Its not .05% its .5%. .05% wouldnt probably go any farther than covering monthly expenses for the TWO CEOs (one ex and one present) Translink has making $35K a month each. Everyone knows that with Translink the .5% will be up to 2% or 3% in no time once they get their foot in the door receiving sales tax revenues sky's the limit. They already get 17 CENTS A LITRE gas tax...sales tax revenues will just be a slippery slope the taxpayer doesnt want to go down.
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Re: No side will get my vote

Postby tuned » Thu Mar 05, 2015 1:03 pm

The yes side is relying on the mathematically challenged that don't know the difference between .05% and .5% to push them over the top. Translink already gets a huge gas tax and surcharges on utility bills. How much have they p*ssed away on the Compass system? Why install it in the first place when you want people to ride transit? Who cares if a few people ride for free? I saw some jackwad on a local cable show from the "yes" side saying that jacking up the sales tax would save people money because "they could sell their cars". You have to be a pretty dim bulb to buy into that logic.
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Re: No side will get my vote

Postby Dan Sys » Thu Mar 05, 2015 2:10 pm

Oops, that was a typo.....I knew it was .5%. Regardless of the Translink screw ups something has to be done before we dig ourselves deep into a hole that will cost a lot more in the long run to fix. The existing infrastructure in greater Vancouver is basically set up for a population of one million. Last I heard we were sitting around the 2 1/2 million mark. Congestion on the roads and over capacity on the transit system is already a serious issue.

Perhaps the solution is to disband Translink. Give the transit responsibilities back to B.C. Transit who run pretty efficient systems in places like Victoria, Abbotsford, Kelowna, etc. and give the highways and roads back to the provincial transportation ministry and the municipalities themselves.

You guys can whine about a miniscule tax increase all you want, but I don't have my head buried in the sand like the Jordan Bateman's in this world. If Vancouver is indeed a World Class City we have to keep up to par with the others or we become a laughing stock.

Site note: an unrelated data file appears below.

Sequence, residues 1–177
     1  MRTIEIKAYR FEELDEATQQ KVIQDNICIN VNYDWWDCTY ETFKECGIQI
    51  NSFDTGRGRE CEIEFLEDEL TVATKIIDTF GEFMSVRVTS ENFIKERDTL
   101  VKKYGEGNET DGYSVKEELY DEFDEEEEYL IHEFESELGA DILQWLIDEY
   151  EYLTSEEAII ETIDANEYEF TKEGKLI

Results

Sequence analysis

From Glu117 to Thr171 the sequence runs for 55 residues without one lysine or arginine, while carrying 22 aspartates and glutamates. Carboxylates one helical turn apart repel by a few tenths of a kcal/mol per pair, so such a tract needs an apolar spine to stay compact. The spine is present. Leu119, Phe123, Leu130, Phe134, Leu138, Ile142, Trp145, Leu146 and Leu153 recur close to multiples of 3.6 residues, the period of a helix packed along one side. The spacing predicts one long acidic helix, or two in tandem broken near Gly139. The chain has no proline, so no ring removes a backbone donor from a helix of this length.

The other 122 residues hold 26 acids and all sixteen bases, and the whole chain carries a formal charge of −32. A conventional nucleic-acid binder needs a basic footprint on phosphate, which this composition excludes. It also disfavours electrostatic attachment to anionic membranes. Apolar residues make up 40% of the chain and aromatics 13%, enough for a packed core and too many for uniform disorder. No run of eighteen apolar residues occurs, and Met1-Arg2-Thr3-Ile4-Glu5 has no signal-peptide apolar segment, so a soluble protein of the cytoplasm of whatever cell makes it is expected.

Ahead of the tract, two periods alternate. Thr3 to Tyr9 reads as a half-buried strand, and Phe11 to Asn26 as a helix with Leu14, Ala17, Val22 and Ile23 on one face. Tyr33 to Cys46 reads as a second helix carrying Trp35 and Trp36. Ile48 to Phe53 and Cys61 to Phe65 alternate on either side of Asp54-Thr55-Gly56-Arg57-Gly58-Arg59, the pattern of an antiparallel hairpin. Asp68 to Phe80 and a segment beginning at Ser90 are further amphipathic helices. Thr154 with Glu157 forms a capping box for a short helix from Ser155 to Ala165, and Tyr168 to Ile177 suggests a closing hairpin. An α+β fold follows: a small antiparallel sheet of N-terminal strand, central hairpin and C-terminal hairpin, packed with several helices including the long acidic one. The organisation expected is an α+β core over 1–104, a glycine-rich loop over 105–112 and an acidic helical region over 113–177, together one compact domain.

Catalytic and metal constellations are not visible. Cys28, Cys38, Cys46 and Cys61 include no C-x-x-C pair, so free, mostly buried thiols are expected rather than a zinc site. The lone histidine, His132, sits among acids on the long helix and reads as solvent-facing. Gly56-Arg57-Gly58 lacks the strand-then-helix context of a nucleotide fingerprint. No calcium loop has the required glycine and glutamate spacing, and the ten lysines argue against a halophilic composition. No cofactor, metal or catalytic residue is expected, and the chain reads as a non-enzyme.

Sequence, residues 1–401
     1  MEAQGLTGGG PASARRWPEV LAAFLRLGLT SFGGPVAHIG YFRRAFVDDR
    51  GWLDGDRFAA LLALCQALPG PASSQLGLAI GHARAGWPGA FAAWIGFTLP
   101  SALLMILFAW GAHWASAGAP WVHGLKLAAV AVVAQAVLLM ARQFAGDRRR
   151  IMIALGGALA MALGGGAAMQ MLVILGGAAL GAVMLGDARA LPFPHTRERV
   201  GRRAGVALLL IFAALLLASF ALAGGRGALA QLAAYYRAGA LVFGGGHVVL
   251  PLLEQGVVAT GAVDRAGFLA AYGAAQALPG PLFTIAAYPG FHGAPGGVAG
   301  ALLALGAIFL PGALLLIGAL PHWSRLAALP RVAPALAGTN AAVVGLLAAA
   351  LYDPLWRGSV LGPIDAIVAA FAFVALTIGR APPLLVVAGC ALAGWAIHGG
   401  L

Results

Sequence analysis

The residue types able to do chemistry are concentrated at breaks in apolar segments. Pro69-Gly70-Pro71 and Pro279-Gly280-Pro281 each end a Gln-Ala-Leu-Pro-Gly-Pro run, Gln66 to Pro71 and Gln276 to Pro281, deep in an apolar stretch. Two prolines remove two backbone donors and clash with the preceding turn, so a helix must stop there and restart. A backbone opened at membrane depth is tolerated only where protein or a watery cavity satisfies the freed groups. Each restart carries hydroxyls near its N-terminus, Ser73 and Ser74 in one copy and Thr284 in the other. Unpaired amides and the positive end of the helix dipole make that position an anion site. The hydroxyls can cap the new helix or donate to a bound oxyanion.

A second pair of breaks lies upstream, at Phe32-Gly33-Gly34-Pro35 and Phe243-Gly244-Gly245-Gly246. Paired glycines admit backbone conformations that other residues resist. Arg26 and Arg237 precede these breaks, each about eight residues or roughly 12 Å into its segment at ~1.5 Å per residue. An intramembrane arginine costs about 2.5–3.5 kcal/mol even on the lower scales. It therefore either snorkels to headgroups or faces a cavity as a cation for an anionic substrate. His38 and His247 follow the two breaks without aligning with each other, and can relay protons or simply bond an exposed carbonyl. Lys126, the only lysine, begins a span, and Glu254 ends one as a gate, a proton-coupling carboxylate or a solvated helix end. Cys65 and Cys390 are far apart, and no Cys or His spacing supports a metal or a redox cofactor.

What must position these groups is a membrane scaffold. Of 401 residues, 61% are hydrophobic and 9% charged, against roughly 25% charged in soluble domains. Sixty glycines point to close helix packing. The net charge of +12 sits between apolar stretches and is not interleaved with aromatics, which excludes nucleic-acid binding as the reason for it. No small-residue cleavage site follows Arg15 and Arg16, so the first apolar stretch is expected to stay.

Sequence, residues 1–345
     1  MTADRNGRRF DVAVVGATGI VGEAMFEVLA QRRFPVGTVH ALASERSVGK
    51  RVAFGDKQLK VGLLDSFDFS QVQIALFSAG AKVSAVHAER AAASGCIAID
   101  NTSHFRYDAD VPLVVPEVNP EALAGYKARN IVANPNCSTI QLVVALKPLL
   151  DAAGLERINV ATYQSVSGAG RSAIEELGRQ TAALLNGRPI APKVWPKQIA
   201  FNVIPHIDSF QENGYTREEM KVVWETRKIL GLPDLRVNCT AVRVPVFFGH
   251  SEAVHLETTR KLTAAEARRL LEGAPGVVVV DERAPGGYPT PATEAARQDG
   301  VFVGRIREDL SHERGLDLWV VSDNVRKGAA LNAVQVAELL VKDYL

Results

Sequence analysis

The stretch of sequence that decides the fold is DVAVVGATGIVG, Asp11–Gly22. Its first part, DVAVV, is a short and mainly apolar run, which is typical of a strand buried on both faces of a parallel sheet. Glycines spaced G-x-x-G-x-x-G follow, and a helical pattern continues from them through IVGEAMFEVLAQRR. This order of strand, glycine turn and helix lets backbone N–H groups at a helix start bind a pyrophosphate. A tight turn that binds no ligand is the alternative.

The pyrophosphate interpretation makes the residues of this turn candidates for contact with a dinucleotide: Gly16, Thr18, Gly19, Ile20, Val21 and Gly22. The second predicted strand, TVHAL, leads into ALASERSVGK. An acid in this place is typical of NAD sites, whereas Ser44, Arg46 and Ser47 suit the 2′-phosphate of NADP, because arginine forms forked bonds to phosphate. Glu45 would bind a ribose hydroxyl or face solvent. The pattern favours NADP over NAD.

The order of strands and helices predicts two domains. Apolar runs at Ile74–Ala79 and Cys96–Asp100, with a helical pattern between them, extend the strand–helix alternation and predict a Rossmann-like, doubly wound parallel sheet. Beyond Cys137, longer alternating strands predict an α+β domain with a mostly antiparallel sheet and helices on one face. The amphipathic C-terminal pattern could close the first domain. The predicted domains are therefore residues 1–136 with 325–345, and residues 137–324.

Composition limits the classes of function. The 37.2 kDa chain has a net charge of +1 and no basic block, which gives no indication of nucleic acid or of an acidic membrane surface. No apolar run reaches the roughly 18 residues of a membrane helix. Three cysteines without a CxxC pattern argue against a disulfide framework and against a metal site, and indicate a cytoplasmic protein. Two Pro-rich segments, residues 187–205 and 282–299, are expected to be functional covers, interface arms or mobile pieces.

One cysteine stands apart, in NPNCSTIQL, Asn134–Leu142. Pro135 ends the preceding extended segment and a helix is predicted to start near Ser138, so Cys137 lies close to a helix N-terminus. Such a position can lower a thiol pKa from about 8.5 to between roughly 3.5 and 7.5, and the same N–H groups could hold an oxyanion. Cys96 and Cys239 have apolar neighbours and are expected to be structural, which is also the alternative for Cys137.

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Re: No side will get my vote

Postby tuned » Thu Mar 05, 2015 3:08 pm

Vancouver is not a world class city. It's a pleasant, parochial little burg with the benefit of a decent climate and beautiful natural surroundings. People that think Vancouver is a world class city haven't spent any time in an actual world class city. Dig ourselves a deeper hole? That's what you do when you give the government even more of your hard earned money. The Port Mann Bridge is a prime example of government and private business combining forces to elevate incompetence to new levels. When they screw up we pay. I'm tired of paying. Anyone that feels they should pay more taxes are free to send CRA a little extra on April 30th.
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Re: No side will get my vote

Postby xwdcatvb » Thu Mar 05, 2015 7:49 pm

Dan Sys wrote:Oops, that was a typo.....I knew it was .5%. Regardless of the Translink screw ups something has to be done before we dig ourselves deep into a hole that will cost a lot more in the long run to fix.

You guys can whine about a miniscule tax increase all you want, but I don't have my head buried in the sand like the Jordan Bateman's in this world.


Um, well, a sales tax changing from a rate of 7% to 7.5% is a hike of a half percentage point... that computes to an increase of something approximating 7.14 per cent, 7.14285% if my calculator can be trusted with the numbers I've entered.

What we all ferget is the Clark NDP government (remember Dear Leader Glen, or wuzzit Glenn) dangled the carrot of the original Greater Vancouver Transit Authority in front of the GVRD... and the mugs bit, without ensuring any detailed mechanism for capital expansion which couldn't be derailed (oops, sorry) by Victoria. So the current TransLink set-up is still stuck in the rock-and-a-hard-place relationship which has always played out between the Provincial Government and fractious municipal pols on the Lower Mainland.

Hydro levies, fuel surcharges, and fares cover operating expenses for a (what is it?) a $1.4 billion/year enterprise, nothing new.
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Re: No side will get my vote

Postby arthurdent » Fri Mar 06, 2015 6:19 pm

OK you guys, you finally smoked me out.

There are some reasonable questions...like why should TransLink get .5% on the sales tax. And there are reasonable things to respond to, like the business with the CEO. As the former Director of Communication - I left the post at the end of 2011 - I am manic and pained by the fact that the organization stopped telling its story and, without any political champion (quite the opposite...they all like taking cheap shots), TransLink left itself vulnerable to the stuff it's getting now.

So, here's a Coles Notes summary. In late 2004, the TransLink Board, then made up of mayors and councilors, committed the organization to a massive service expansion (Canada Line + lots of bus routes + roads projects) knowing full well that the operating costs would not be sustainable much beyond 2011. However, the expansion took place, and if you want to see what it looks like, check pages 20 and 21 in this media resource guide we published in 2009: http://www.translink.ca/-/media/Documen ... 2010YP.pdf